Mark Kenny from the Sydney Morning Herald must have been on Mars for the past few months.
He could not have watched the Trade Union Royal Commission's hearings and then written this woefully wrong-headed commentary piece, published by the Fairfax organisation here.
The TURC daily discloses evil crimes committed by bold, brazen apparatchiks behind the hitherto certain cover of trade union omerta. Any fair reading of Commissioner Heydon's letter to the Attorney General, combined with a modicum of understanding about the Commission's operational methods and intelligence (which doubtless have not been publicly disclosed) would lead a fair-mind, interested in the well-being of the nation to conclude that an extension is not only desirable, but a failure to extend the terms would amount to tacit approval of the crimes the Commissioner refers to.
Here is the Kenny argument.
Unions royal commission extension reveals true motivations
A cynic might say the 12 month extension of the royal commission into unions is politically convenient for the Abbott government because it will shift its report and release date to within sight of the 2016 election.
This was put to Attorney-General George Brandis by a Fairfax Media journalist on Tuesday and despite space implications, his explanation is reproduced here in full: "We're responding to what the royal commissioner has said to us."
Leaving aside that this is hardly a muscular refutation of a serious charge - to wit, using scarce taxpayer funds to manipulate an issue and wedge one's political opponents - is it even true?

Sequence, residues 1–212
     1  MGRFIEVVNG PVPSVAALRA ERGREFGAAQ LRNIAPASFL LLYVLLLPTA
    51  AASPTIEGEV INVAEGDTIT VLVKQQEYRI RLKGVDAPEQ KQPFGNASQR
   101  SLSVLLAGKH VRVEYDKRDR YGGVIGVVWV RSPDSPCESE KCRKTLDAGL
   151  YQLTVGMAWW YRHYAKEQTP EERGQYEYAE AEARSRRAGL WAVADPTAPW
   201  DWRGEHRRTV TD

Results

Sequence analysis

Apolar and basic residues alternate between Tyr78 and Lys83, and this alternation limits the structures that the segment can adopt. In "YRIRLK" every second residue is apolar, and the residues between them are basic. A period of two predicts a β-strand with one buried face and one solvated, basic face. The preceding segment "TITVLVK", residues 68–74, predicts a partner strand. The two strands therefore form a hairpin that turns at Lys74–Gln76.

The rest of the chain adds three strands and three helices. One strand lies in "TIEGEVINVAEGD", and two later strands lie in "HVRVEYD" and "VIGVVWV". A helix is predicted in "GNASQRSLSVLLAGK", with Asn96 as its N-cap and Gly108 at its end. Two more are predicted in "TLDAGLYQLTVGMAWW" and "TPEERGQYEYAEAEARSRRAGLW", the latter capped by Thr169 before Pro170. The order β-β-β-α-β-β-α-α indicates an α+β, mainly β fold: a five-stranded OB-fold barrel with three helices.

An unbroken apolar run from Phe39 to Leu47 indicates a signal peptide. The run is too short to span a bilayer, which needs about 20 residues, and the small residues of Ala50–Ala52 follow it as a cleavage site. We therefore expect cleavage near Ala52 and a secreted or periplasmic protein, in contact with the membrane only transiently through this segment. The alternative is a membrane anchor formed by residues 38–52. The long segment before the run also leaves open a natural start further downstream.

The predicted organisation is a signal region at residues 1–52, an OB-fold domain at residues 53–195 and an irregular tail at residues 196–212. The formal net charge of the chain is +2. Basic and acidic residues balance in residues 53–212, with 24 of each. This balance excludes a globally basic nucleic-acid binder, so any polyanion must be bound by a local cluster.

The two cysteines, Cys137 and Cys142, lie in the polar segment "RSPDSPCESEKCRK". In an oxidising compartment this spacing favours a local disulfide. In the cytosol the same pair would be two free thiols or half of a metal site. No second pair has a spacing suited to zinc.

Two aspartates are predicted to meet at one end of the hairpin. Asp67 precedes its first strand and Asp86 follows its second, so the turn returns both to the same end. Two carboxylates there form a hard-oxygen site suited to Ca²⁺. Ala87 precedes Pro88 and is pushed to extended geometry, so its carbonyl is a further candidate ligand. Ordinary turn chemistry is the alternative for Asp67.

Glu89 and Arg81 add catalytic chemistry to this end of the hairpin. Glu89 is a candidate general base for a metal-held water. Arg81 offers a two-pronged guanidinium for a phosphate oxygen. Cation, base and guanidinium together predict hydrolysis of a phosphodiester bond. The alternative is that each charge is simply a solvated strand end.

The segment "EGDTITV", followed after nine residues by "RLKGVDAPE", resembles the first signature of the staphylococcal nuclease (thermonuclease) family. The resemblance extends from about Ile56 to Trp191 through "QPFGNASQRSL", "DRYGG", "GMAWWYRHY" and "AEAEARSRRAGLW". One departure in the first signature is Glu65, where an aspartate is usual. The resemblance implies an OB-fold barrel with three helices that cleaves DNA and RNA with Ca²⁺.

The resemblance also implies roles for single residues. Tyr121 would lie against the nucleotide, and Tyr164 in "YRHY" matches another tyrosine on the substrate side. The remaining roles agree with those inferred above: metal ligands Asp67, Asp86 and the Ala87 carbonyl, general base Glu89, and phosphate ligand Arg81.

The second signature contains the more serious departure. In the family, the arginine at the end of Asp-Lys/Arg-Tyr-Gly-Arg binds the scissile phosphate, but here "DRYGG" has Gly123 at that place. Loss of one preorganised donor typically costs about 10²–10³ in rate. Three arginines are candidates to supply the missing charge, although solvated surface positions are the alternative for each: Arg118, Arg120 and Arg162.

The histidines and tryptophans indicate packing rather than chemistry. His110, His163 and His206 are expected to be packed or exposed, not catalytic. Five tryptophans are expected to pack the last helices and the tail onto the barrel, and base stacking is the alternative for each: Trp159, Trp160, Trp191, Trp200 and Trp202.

Notably, the royal commissioner John Dyson Heydon did not openly seek the extension nor even the adjustment to his terms of reference now granted.
Indeed on this point he was explicit: "This letter is neither an application to widen the terms of reference nor an application to extend the reporting date," he wrote to Senator Brandis.
"Its goal is simply to acquaint you with what the senior staff of the Commission think can be achieved by December, with the difficulties which, in their view, have faced the Commission thus far, and with some possibilities thereafter."
Dyson Heydon even appeared to discount the value of a longer inquiry while acknowledging the scope was already sufficiently broad: "It is true that it has not been possible in the short time available, and indeed would not have been possible in a much longer period, to identify every piece of conduct falling within the Commission's terms of reference."
In other words, we haven't uncovered everything the inquiry gave us scope to study and would not be able to with twice the time.
Implicitly, however, he may well have sought that expanded remit, for what was the point of the letter if not to invite said broadening?
"It is very apparent from what Mr Heydon says in his letter that there is a large amount of unfinished business before the royal commission which from a practical point of view would not be able to be considered satisfactorily were the original reporting date adhered to," Senator Brandis said while unveiling the change.
The vibe perhaps?
The real reason for the extension now comes to the fore: Simply put, the union royal commission has not yet delivered the political bang for the public buck its champions had so eagerly anticipated.
Indeed, the "big fish" it was meant to land have wriggled off the hook. Former prime minister Julia Gillard's hours in the witness box discussing her pre-parliamentary work as a union solicitor promised so much but in the end delivered dull TV. There was no smoking gun, no gotcha moment. Ditto it seems for Tory hopes of fatally wounding Opposition Leader Bill Shorten's reputation by linking the former AWU boss materially with dodgy union dealings.
Kenny goes on and you can read his entire piece here. It goes without saying that the Commission's internal and confidential workings would not have been disclosed in the publicly released letter to the Attorney General. The Commission is doing a great public good and its extension is in all our interests.
Some things Mark are above politics.